Wednesday, November 12, 2014

IPCC Response Essay #7: Climate Change and Cities

Alexandra B. Klass, Professor of Law, University of Minnesota Law School

For the first time in 2014, in its Fifth Assessment Report, in the volume on Mitigation of Climate Change, the Intergovernmental Panel on Climate Change (IPCC) included a separate chapter, Chapter 12, on “Human Settlements, Infrastructure, and Spatial Planning.” According to the IPCC, “[s]ince the publication of the Fourth Assessment Report, there has been a growing recognition of the significant contribution of urban areas to GHG [greenhouse gas] emissions, their potential role in mitigating them, and a multi-fold increase in the corresponding scientific literature.”[1] In both Chapter 12 of the Mitigation of Climate Change volume and the Summary for Policymakers for that volume, the IPCC concludes:

Thousands of Cities are undertaking climate action plans, but their aggregate impact on urban emissions is uncertain (robust evidence, high agreement). There has been little systematic assessment on their implementation, the extent to which emission reduction targets are being achieved, or emissions reduced. Current climate action plans focus largely on energy efficiency. Fewer climate actions plans consider land-use planning strategies and cross-sectoral measures to reduce sprawl and promote transit-oriented development.[2]

The urbanization of the world and the impact of that urbanization on GHG emissions are significant. Today, more than half the global population is urban, as compared to only 13% in 1900.[3] By 2050, the global urban population is expected to increase by between 2.5 to 3 billion, corresponding to nearly 70% of the world’s population.[4] Today, urban areas account for approximately 75% of global energy use and the same amount of CO2 emissions from global energy.[5] Moreover, the majority of future urban population growth will take place in small- or medium-size urban areas in developing countries.[6]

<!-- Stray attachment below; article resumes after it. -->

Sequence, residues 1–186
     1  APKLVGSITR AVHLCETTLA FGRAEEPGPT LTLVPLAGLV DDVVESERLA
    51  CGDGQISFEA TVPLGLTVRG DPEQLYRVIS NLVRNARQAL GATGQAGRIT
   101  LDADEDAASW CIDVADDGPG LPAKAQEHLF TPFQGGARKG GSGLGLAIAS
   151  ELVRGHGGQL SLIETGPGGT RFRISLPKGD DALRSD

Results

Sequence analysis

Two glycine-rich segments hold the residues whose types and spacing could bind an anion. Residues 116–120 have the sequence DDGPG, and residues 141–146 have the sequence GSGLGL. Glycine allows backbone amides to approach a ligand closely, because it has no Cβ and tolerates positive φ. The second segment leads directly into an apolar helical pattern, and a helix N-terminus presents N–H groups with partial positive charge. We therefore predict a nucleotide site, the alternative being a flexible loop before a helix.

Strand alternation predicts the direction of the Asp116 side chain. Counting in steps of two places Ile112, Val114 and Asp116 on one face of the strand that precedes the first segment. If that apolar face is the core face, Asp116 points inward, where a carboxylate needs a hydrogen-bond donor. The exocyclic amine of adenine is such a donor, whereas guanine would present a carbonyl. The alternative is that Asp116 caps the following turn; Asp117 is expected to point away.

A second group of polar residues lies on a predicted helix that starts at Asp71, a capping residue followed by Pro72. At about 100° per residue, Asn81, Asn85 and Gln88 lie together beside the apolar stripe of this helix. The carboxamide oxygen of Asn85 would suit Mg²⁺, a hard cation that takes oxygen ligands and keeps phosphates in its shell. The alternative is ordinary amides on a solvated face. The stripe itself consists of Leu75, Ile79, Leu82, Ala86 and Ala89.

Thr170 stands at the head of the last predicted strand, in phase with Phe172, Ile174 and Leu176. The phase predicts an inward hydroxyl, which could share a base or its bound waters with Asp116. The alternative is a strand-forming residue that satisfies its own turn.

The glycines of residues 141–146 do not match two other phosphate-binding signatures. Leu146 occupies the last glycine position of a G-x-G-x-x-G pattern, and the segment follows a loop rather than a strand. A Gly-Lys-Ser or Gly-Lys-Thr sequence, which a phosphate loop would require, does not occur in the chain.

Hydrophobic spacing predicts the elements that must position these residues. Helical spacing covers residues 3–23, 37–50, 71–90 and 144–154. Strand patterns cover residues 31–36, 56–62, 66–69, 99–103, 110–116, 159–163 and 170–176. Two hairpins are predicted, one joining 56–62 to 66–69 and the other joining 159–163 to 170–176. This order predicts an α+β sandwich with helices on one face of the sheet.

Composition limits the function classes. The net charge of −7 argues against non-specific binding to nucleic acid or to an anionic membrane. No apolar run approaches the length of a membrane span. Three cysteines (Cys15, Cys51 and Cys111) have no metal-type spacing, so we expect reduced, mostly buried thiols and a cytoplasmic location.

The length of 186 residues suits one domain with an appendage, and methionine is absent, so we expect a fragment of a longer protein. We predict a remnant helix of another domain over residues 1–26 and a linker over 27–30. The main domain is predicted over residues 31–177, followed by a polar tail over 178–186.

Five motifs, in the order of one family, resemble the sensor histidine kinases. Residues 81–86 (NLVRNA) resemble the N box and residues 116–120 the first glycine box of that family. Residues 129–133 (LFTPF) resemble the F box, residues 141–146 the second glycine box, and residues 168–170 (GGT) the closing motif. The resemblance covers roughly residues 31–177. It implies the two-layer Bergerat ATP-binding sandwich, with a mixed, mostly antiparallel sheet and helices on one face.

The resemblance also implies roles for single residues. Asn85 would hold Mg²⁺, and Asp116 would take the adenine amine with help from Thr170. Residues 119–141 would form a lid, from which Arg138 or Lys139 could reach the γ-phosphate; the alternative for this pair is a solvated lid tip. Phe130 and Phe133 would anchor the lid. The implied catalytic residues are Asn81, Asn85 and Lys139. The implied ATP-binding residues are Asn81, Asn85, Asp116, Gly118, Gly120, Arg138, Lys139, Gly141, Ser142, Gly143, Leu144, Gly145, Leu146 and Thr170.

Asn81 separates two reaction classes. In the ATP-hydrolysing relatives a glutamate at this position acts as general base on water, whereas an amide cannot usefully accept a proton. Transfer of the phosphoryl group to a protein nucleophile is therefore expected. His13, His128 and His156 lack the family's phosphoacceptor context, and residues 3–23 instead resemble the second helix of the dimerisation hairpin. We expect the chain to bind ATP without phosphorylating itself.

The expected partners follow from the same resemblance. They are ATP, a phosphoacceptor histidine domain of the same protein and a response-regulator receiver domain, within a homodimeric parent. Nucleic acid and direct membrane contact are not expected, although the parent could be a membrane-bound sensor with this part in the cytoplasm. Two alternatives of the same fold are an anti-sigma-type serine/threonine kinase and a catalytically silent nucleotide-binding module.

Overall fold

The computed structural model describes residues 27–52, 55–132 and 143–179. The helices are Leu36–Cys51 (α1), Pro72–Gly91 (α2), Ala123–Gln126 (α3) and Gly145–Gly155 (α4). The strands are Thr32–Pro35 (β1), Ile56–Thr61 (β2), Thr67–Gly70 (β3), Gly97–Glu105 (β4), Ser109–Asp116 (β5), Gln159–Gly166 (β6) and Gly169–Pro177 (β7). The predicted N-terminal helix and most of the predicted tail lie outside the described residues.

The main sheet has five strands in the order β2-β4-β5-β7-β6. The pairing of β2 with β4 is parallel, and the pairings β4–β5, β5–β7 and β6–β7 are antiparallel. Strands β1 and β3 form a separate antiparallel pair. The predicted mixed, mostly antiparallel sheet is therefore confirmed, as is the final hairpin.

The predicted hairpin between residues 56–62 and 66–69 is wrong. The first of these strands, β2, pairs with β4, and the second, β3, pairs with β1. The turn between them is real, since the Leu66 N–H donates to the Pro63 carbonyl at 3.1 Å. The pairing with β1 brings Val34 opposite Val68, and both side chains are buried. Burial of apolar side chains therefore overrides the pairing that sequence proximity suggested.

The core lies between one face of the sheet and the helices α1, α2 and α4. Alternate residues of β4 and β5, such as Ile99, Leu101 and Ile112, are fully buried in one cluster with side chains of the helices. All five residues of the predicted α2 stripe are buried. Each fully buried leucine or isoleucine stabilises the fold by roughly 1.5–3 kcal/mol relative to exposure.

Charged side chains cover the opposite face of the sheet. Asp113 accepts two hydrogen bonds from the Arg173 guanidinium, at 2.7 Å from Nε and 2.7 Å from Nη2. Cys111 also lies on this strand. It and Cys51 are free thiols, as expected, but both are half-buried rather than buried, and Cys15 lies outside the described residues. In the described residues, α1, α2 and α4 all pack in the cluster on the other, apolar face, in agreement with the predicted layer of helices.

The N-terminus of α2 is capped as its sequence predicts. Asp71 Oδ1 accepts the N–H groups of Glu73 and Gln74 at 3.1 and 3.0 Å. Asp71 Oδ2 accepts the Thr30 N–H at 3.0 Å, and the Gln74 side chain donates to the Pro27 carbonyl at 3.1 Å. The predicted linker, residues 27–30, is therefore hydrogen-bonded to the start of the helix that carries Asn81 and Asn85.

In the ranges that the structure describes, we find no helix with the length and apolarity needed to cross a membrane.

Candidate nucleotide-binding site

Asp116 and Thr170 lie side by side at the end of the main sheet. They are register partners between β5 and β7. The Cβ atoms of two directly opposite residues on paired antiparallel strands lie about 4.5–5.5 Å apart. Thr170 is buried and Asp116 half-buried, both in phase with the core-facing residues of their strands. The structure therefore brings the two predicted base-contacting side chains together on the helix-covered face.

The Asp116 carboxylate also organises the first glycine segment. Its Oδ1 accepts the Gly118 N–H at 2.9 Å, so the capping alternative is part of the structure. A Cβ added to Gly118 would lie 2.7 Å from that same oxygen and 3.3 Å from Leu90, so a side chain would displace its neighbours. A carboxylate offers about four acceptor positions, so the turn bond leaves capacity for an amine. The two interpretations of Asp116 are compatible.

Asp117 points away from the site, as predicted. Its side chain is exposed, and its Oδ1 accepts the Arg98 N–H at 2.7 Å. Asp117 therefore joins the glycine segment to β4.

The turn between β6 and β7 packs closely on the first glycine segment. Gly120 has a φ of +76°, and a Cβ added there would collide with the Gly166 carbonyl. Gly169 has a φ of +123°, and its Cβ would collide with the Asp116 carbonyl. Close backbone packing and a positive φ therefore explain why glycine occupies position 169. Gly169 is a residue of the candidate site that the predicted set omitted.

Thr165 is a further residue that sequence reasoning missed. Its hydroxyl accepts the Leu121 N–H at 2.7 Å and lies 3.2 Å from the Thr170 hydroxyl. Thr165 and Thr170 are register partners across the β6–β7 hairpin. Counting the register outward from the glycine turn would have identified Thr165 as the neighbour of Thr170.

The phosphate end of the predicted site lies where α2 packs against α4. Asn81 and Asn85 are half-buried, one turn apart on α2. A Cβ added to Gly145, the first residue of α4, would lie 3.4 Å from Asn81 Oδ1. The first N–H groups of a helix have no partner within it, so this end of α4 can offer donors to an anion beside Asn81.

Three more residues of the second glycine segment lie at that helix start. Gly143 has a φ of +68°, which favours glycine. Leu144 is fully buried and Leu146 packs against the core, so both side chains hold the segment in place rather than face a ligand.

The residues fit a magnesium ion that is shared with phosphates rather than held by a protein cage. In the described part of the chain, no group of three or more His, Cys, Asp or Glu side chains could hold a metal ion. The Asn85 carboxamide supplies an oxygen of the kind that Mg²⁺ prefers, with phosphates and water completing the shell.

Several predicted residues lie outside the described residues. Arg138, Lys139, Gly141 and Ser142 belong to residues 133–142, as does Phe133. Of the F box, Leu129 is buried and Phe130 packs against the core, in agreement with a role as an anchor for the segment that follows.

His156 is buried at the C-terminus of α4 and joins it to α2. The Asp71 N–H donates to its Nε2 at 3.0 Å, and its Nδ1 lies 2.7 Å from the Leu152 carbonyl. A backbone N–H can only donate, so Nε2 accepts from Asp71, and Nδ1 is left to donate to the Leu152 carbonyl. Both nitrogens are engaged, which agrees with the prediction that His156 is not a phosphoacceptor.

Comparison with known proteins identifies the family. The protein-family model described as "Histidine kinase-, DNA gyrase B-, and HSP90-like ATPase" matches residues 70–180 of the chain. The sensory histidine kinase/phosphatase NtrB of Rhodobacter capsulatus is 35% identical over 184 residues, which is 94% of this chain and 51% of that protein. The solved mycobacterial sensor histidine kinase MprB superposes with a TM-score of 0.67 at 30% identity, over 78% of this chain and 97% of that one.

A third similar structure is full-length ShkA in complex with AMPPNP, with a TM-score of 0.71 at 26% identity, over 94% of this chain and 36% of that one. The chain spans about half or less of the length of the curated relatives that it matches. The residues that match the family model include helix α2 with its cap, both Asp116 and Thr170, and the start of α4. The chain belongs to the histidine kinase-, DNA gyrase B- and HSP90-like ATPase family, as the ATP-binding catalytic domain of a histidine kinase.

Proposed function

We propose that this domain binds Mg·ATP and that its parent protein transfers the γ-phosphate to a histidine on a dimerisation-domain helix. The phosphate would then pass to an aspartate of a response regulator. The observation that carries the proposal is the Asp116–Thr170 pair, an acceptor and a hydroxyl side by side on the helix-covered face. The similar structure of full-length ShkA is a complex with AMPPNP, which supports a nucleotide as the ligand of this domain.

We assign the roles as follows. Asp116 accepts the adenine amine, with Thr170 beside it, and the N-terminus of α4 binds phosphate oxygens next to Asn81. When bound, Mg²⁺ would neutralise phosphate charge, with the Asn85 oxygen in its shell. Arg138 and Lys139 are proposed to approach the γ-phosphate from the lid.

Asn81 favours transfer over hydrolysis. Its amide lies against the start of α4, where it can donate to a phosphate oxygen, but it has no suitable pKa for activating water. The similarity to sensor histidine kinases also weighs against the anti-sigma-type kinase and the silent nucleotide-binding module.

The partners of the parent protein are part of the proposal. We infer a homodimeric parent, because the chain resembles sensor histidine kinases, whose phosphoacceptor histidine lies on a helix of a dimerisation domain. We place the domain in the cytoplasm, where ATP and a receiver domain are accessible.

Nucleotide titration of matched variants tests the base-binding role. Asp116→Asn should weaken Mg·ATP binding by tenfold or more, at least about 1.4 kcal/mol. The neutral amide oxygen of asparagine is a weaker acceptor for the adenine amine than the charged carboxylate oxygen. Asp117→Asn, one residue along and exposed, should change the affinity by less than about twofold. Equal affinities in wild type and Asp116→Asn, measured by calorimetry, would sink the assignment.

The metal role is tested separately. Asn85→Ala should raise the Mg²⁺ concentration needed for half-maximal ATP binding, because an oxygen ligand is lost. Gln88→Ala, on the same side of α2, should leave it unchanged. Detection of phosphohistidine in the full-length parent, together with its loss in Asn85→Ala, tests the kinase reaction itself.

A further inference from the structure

There is, of course, both potential and risk with this type of growth. Because such development will be mostly new, there is the potential to create buildings, other infrastructure, transportation, and land use plans that maximize efficiency and reduce GHG emissions from the outset, as opposed to having to retrofit existing buildings, infrastructure, and transportation networks. On the other hand, because most of this urban growth will be in developing countries, there is the risk that lack of political will, coupled with limited institutional and financial capacity, will result in low-efficiency buildings and infrastructure and urban sprawl.

As noted in the IPCC Fifth Assessment Report, thousands of cities are undertaking climate action plans, raising the issue of what kind of GHG emissions cities can actually control. According to the U.S. Energy Information Agency (EIA), the factors that contribute to statewide per-capita GHG emissions (and thus impact urban GHG emissions) include climate (significant cold or hot weather results in more energy-related emissions in urban areas), the structure of the state economy (energy-producing economies are more carbon-intensive), population density, energy sources, building standards, and explicit state policies to reduce emissions.